In class, begin by having a general discussion about what students saw in the viral productions. How would students classify or describe the viral productions? How did they decide if a text had gone viral? Were there any commonalities across the various genres and productions? On the board, begin to collect a list of what characteristics make a production go viral. Examples may include: funny, emotional, short in length, simple message, etc. After collecting the characteristics, ask students to reframe the characteristics in rhetorical terms. For example, funny and emotional may refer to the rhetorical appeal of pathos, length may be a function of arrangement, the simplicity of the message may relate to invention, etc.

Suggested readings: Selections from Limor Shifman’s Memes in Digital Culture, Jonah Berger’s Contagious: Why Things Catch On, various “how to be a YouTube success” and other viral marketing how-to guides that are easily accessible online

 

Stage 2: Producing, Distributing, and Tracking

Divide students into small groups of approximately 3 people. Provide time for students to brainstorm and design their rhetorical production. Students should consider the rhetorical situation of their production: what is their rhetorical purpose, who is their audience, and how will they design a viral production that will accomplish their purpose for their intended audience? Students should also pay attention to their rhetorical constraints: how much time and money do they have to produce their text, what kind of access to technology do they have, and what technical production skills do they have in their group?

Allow students time over multiple days to work within their groups. Provide access to technology if available, but viral productions can be created even with limited technology like a smart phone or non-digital multimodal elements. Check-in with groups periodically in order to make sure the groups are on track and to assist with any technical difficulties.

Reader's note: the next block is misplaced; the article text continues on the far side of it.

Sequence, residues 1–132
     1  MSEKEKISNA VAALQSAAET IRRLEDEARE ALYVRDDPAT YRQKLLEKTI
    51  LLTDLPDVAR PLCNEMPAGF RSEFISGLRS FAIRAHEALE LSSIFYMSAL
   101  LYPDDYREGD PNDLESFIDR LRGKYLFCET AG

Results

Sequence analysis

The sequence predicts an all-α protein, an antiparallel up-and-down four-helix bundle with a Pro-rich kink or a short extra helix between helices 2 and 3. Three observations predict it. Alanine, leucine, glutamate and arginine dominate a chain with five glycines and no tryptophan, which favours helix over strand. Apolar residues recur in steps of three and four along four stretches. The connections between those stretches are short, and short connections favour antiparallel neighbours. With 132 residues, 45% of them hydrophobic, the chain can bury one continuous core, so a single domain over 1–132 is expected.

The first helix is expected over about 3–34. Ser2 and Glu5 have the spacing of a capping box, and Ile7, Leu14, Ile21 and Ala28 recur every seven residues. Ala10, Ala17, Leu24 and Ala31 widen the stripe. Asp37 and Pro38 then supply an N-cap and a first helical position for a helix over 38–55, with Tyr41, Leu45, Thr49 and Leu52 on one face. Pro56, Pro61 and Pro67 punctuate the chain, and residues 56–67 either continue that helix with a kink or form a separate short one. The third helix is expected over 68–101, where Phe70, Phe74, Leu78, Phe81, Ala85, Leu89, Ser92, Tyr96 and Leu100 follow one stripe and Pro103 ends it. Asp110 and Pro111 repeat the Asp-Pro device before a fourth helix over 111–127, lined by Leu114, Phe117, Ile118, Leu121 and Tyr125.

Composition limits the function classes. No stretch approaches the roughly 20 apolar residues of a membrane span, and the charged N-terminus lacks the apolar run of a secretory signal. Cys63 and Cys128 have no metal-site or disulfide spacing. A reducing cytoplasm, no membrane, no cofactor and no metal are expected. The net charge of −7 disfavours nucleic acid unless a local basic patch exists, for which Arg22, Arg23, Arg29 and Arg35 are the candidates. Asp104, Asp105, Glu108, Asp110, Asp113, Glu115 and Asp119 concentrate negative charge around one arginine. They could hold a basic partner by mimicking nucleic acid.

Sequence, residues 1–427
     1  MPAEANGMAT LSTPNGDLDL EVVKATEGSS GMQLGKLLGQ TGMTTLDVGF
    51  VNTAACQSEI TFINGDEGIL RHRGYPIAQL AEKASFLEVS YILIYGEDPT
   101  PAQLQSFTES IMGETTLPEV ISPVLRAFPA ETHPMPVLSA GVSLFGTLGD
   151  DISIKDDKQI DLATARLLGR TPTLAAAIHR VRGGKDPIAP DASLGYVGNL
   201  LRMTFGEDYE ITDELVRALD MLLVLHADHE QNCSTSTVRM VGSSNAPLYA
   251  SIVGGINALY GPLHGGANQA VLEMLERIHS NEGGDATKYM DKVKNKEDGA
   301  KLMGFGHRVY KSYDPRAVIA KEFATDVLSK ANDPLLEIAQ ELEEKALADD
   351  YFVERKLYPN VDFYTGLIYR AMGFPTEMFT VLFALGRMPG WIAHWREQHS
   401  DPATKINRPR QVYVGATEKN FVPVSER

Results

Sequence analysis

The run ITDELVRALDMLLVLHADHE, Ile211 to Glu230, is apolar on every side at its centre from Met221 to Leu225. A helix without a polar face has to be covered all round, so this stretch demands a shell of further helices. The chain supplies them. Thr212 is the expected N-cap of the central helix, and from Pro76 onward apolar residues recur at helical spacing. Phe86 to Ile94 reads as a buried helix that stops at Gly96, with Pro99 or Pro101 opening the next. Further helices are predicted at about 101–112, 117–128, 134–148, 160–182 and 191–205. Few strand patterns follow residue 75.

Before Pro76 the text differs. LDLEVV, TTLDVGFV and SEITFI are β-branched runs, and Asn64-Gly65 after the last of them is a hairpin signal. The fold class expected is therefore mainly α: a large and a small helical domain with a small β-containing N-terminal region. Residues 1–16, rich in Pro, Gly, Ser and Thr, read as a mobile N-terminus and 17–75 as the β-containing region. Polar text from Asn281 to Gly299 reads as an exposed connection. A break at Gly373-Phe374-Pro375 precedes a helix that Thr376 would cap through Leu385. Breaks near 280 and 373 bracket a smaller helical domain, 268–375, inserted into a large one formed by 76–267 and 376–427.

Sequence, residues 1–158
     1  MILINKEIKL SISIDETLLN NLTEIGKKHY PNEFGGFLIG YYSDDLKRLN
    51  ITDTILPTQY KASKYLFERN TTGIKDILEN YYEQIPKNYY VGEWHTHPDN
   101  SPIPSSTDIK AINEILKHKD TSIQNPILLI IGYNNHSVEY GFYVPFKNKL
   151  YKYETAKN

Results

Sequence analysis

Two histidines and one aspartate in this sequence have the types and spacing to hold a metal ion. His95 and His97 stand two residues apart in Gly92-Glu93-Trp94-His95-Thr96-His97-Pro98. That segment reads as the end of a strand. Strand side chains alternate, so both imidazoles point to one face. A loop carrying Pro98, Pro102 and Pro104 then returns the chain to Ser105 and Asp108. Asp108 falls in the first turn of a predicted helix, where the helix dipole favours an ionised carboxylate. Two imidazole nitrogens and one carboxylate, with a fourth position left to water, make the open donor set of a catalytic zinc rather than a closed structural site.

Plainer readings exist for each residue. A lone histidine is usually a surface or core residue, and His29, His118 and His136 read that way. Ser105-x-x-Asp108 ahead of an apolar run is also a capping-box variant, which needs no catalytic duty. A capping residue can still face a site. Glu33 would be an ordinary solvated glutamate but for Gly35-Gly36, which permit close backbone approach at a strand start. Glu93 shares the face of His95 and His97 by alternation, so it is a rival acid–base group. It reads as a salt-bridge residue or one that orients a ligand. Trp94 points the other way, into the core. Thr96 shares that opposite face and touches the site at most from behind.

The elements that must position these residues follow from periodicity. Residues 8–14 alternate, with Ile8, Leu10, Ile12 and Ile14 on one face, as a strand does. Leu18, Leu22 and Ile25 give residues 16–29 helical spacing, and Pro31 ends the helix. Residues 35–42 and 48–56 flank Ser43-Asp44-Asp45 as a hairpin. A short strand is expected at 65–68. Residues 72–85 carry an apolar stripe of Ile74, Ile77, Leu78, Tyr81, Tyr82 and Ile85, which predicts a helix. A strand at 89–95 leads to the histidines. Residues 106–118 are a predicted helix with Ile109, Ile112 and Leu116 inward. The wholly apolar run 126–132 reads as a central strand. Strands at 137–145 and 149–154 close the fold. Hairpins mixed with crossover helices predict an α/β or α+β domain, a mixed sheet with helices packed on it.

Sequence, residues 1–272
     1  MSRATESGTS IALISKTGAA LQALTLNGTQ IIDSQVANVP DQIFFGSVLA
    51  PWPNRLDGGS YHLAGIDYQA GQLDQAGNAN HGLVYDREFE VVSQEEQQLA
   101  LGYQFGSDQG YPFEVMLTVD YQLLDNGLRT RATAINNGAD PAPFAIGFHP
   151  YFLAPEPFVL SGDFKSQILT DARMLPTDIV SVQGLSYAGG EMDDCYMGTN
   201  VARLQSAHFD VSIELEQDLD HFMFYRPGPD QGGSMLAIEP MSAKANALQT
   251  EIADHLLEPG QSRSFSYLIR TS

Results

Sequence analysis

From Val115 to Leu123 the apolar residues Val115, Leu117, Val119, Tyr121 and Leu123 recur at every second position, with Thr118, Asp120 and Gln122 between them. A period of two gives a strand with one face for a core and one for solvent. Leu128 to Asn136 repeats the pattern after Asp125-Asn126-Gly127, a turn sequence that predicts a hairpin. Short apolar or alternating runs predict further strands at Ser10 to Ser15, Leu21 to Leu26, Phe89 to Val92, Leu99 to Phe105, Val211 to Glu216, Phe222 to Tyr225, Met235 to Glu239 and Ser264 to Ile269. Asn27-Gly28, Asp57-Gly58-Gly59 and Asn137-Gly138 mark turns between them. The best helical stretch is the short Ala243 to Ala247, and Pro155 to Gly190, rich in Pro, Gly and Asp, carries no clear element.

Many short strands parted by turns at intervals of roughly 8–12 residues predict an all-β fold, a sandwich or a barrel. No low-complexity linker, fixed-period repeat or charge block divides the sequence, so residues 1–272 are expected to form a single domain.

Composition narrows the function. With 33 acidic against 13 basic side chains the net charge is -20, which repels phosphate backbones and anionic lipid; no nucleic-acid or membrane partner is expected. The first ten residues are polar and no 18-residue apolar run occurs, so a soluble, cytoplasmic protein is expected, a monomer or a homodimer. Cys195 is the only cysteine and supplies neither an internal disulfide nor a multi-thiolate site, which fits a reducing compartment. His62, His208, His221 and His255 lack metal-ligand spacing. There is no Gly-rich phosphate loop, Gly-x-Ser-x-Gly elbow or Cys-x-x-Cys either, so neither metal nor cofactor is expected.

After the groups have finished producing their viral text, they will need to distribute it. Students should consider how best to reach their intended audience and how to make their text go viral. Remind students that distribution may not be a one-time action; instead they will need to consider how they can make the best use of the digital technologies and distribution methods available to them.

Students will also be responsible for tracking the virality of their production. In their groups, students should articulate their methods for measuring how viral their text becomes. Some basic methods of tracking may include counting the number of shares, favorites, retweets, or views. This is easily accomplishable with the pre-existing interfaces on YouTube, Twitter, Facebook, and other popular social media sites. Depending upon the type of production, Google Analytics may be able to provide additional insights into how often something has been shared, by whom it was shared, where that individual got the link, etc. (some more information about that here or here).

 

Stage 4: Reflecting

 Depending upon the amount of time, you may want to include one reflection or multiple reflections. We included a debrief after students had distributed their viral productions. As a large class, we discussed the various rhetorical choices they made during the design and production phases of the project, the challenges they encountered, that aspects that were easier than expected, in what ways they considered themselves to be successful, etc.

After about a week, ask students to report back on their tracking. Did any of the productions go viral? If so, how did they determine how viral a text went? Were they able to determine anything about the audience of their viral text, as in, did their intended audience access the text? Did they discover any patterns of access like increased traffic during a specific window or from a referral site?

Most likely, students will report that their production did not go viral. However, this experience can be just as worthwhile to discuss. Why do students feel that their production did not go viral? What rhetorical concepts could explain their success or failure? What would they change if the constraints (time, money, technology skills and access, etc.) were removed, and how would they justify these changes rhetorically?

 

PDF: Starting an Epidemic teacher plan

 

Creative Commons License
Starting an Epidemic by Kaitlin Clinnin is licensed under a Creative Commons Attribution-NonCommercial-ShareAlike 4.0 International License.

Student Viral Productions

“Do you know British words?” by Helina, Kayleigh, and Tyler

 

“#KanyeInRealLife” by Jason, Quin, and Takaze

 

“Winter is Coming” by Bailey, Kelsey, and Max

Winter Came meme

 

“Soulja(zz) Boys” by Eric and Sam